We’ve detailed some of the standard digital detox methods that people use to help curb their phone usage and screen time in their lives. You can use these, tweak them, and add in your own to find something that works for you.
- Avoid screen time before bed: Blue light from screens can mess with your sleep, so try not to use them in the 90 minutes before bed. Try to switch up your routine.
- Configure your devices: Most devices have built-in features to limit screen time, as well as Do Not Disturb settings to prevent notifications from nagging for attention.
- Set tech-free hours: Take regular breaks from your devices where you can—lunchtimes, commutes, Sunday mornings—whatever is attainable for you.
- Try the 1:1:1 method: This method encourages you to step away from your devices one hour a day (before bed), one afternoon/evening a week, and one week a year.
- Keep your device out of sight: Putting your devices in a drawer, box or other room helps take them off your mind, freeing you up to focus on other tasks.
- Set goals: Minimizing your device time can be easier if you’re using that time working towards something else. If there’s a hobby or skill you’re looking to get better at, set yourself an amount of time per day/week on that instead.
Activities for switching off
We’ve covered a few digital detox activities that break you out of the digital cycle and ground you back in the physical, but here are three key ones that can make you feel more grounded and mindful when taking on your digital detox challenge.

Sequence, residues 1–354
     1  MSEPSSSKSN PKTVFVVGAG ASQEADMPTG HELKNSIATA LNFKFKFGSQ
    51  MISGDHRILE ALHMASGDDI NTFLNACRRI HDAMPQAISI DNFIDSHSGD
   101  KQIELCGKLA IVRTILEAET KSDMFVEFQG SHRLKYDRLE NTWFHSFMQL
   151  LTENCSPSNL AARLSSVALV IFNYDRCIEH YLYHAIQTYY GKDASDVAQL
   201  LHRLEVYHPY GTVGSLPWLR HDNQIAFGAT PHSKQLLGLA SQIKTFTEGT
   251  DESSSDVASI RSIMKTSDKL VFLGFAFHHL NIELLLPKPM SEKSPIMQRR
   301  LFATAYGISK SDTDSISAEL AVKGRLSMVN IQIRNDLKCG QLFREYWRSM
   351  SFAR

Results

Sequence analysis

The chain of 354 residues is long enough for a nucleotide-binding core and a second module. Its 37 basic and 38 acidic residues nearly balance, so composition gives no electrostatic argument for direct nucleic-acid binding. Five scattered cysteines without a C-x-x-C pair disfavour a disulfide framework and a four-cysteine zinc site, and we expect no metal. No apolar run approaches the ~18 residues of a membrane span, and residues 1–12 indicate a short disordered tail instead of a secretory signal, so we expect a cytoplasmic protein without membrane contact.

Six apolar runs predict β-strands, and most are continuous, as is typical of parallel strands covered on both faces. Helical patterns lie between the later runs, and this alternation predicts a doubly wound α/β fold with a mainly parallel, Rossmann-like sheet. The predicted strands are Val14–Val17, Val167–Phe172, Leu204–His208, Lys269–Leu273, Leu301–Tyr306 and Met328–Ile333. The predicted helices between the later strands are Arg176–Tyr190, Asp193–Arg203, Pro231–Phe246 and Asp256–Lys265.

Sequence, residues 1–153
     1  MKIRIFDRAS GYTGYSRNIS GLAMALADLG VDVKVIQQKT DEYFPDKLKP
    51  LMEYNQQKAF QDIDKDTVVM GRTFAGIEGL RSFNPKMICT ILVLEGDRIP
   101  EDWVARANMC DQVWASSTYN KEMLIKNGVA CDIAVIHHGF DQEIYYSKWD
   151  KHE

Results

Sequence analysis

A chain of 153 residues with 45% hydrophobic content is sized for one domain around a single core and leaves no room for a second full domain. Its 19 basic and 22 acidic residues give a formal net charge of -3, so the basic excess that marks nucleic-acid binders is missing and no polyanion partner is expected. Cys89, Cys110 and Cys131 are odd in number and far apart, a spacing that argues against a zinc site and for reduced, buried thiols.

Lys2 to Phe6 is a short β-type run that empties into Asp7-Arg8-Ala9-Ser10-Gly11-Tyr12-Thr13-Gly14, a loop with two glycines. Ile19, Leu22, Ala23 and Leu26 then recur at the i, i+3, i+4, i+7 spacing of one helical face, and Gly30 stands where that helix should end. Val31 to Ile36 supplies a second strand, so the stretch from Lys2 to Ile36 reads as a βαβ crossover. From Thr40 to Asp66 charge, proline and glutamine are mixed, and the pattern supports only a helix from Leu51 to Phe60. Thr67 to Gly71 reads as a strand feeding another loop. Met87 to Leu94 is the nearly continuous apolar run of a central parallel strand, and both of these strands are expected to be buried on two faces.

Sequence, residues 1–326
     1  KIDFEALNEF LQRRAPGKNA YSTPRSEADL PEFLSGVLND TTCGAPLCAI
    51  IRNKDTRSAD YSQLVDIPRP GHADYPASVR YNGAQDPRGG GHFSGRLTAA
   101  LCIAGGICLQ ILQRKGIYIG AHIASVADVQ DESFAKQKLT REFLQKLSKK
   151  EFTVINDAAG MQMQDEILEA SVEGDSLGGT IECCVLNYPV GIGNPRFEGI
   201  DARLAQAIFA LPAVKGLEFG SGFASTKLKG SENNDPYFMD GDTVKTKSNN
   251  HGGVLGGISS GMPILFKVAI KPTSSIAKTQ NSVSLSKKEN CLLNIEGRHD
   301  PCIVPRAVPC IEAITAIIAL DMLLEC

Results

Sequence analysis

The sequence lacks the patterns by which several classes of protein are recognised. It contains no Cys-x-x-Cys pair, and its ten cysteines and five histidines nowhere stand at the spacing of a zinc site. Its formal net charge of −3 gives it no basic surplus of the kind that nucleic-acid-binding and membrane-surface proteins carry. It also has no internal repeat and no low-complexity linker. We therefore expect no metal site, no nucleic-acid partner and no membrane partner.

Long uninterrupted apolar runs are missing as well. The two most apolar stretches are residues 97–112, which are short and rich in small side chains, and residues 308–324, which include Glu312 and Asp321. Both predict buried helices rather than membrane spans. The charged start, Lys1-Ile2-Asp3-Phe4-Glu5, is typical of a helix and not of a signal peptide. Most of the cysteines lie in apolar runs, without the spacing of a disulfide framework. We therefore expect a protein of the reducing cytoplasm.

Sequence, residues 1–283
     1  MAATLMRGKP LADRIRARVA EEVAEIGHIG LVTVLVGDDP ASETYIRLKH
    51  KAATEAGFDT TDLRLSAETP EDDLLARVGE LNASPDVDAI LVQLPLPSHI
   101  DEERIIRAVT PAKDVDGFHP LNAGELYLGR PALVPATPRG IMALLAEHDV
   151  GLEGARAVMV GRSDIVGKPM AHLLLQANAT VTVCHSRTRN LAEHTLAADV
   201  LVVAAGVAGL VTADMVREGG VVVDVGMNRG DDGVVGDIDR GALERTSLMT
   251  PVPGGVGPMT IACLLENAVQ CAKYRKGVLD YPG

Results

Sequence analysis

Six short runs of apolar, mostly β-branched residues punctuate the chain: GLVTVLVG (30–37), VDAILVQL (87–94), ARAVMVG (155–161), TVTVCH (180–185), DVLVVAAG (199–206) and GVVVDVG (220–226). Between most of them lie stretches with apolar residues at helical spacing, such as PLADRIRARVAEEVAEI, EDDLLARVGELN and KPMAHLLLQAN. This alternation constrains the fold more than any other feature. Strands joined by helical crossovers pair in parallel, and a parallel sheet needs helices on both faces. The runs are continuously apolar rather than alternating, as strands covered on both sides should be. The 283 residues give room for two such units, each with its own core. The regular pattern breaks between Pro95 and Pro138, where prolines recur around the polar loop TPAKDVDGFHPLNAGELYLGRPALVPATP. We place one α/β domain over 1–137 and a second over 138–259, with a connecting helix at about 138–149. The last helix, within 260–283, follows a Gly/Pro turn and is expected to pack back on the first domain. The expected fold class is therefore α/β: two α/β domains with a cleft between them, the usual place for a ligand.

Take in the great outdoors
There are 63 national parks dotted around the country (not to mention local parks and beauty spots) that are easy to get to. Switching up your weekend plans to get you off the couch and into some walking boots to hike a local trail near you can lift your spirits. Plus, one little selfie while out exploring won’t hurt!
Dive into a book
Reading may have been a passion when you were younger, or it could be something you’ve never really tried. Now’s the best time to give it another go. It can be great for escaping into a story or learning a new skill to help around the home. Check with your local library to borrow a book without dropping a single cent, or see if friends would lend you their favorite.
Spend time with friends and family
Our loved ones can be a great source of inspiration as well as being generally fun to be around. See if they’d want to spend an afternoon outdoors somewhere, relax in your backyard, or head out for dinner. Maybe they’d even want to have a little get-together with a group of people. Take your interactions offline and recapture that magic of being together in the same space.
If you need a little extra help and a digital detox planner just isn’t cutting it, you can try and find a digital detox retreat in your state (or a neighbouring one) which you can disappear off to for a weekend. The Digital Detox company was set up to provide those kinds of experiences, so check them out if you want somewhere designed for disconnecting. If a retreat feels right for you, then you can knock the cost down a little with our paid online surveys to earn rewards while you’re feeling more digitally active.